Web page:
March 9, 2009 Dear Friends of the Fine Arts, last week’s return to our communal drawing practice was brimming with success, and we want to thank all of you for attending. We had another huge turnout, which is always very fun! And despite the cool room temperature the climate was warm all over from the beginning to the end, and our lovely industrious models kept warm with socks, a vest and a scarf (Jocelyn) and a lumberjack shirt (Lara). (Ulrike would also like to thank Celeste for hosting and for letting her multiple animal companions wander into the pictures.) So we’re back on. And continuing to sail on this sharp breeze, we will be assembling next TUESDAY, March 17, at Katie Hubbard’s house in Sunset Park. To entice you to embark on the long journey out there we would like to announce that our fellow Friend Aisha has offered to cook dinner for everyone participating. take the R train to 26th Street, it’s just down the block from the subway stop, or the N or D to 36th Street and walk north 10 blocks. official postponement announcement: we are not meeting this Thursday because we’re meeting on Tuesday. Until then, hold on to your good spirits and stay inspired! Your friends and fellows, Celeste and Ulrike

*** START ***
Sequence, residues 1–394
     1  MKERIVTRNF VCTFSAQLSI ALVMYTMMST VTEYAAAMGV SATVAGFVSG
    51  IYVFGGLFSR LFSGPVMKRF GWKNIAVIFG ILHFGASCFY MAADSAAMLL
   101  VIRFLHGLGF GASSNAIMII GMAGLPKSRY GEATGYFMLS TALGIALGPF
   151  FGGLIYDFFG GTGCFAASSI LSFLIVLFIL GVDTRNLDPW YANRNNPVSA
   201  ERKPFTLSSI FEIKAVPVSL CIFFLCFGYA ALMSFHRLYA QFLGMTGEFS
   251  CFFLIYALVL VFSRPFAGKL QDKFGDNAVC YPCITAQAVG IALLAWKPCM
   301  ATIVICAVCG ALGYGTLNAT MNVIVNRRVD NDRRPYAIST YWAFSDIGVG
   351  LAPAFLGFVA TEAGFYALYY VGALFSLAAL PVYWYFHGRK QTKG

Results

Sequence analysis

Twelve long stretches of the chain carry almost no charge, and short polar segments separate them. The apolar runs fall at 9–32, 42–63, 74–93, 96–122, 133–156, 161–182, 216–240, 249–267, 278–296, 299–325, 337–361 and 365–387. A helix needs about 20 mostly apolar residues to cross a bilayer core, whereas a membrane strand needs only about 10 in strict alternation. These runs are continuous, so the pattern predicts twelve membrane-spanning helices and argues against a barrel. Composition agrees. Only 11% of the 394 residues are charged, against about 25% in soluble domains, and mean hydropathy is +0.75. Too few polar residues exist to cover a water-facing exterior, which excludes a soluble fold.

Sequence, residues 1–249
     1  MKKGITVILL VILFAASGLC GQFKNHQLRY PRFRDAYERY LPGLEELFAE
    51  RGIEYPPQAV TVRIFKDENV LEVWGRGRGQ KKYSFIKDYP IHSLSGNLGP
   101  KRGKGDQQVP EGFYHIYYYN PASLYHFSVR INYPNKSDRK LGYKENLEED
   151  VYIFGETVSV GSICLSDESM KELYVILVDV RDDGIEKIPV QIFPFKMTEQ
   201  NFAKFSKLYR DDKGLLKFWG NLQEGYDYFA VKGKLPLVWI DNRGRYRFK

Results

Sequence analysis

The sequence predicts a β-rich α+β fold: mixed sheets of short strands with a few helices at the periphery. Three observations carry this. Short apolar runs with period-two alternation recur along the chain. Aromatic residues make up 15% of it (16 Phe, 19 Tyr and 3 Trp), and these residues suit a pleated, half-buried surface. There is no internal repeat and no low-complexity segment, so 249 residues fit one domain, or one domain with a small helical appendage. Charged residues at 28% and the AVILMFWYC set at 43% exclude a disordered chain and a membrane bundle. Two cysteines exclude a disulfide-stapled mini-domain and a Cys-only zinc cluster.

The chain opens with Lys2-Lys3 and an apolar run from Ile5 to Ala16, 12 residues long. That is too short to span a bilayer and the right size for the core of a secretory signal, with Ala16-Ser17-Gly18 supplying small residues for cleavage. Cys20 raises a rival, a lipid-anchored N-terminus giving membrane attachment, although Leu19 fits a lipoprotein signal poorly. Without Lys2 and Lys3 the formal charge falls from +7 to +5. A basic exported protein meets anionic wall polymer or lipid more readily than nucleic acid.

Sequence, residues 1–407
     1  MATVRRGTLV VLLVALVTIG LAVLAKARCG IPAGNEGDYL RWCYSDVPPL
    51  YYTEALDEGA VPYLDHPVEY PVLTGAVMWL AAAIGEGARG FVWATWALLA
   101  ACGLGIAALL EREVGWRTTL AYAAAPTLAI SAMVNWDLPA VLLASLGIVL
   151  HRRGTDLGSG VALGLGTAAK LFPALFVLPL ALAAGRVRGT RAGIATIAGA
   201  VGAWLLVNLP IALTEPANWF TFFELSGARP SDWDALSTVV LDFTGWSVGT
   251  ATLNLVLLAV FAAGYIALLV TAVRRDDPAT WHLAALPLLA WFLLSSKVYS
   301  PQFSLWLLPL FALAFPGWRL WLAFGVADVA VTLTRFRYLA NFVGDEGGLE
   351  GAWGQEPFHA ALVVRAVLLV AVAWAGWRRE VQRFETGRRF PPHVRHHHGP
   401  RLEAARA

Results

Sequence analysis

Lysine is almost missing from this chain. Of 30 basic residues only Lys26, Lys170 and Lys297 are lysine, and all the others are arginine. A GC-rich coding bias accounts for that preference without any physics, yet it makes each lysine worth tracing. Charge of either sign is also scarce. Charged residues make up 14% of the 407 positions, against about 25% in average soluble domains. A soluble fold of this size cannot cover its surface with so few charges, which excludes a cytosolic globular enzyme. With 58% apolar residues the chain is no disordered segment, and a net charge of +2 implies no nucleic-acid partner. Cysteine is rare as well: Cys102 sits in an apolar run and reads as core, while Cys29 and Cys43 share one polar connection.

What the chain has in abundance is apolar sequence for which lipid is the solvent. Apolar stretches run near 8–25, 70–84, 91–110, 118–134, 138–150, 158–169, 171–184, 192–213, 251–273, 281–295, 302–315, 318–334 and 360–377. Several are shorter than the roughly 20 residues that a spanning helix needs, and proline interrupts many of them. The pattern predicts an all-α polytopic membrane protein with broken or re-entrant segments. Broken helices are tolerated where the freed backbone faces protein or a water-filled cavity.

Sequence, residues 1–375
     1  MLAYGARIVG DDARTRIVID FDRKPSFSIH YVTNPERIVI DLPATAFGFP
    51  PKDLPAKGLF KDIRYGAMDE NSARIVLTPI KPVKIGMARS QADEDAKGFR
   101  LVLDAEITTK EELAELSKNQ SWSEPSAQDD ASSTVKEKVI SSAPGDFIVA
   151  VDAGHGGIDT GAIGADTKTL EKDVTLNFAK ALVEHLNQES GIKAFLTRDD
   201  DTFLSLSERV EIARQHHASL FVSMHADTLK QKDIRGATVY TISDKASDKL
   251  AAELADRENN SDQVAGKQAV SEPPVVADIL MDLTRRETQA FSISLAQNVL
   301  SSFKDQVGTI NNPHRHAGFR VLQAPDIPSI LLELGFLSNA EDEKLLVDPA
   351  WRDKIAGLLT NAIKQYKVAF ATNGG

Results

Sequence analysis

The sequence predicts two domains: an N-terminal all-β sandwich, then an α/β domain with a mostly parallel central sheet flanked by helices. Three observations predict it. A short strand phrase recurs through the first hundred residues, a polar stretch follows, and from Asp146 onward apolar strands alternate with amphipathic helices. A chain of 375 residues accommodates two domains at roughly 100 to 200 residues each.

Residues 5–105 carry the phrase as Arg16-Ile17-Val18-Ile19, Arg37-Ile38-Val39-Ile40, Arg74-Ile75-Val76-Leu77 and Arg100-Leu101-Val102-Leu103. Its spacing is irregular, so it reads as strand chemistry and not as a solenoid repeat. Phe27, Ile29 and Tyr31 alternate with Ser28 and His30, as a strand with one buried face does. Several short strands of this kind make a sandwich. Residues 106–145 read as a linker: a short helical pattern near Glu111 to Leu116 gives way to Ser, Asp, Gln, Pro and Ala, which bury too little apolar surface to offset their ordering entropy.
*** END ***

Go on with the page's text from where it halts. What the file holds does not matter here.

March 19, 2009 Dear Friends of the Fine Arts, this week’s Food and Nudes at Katie’s studio was a FLAMING success! Our heartfelt thanks go out to Katie and Aisha for catering to our many every little with utmost hospitality. Riding the line between discipline and anarchy, we apCeleste Dupuy-Spencer and A.L. Steiner, Interview for K.LLANES/SESSIONS, 2009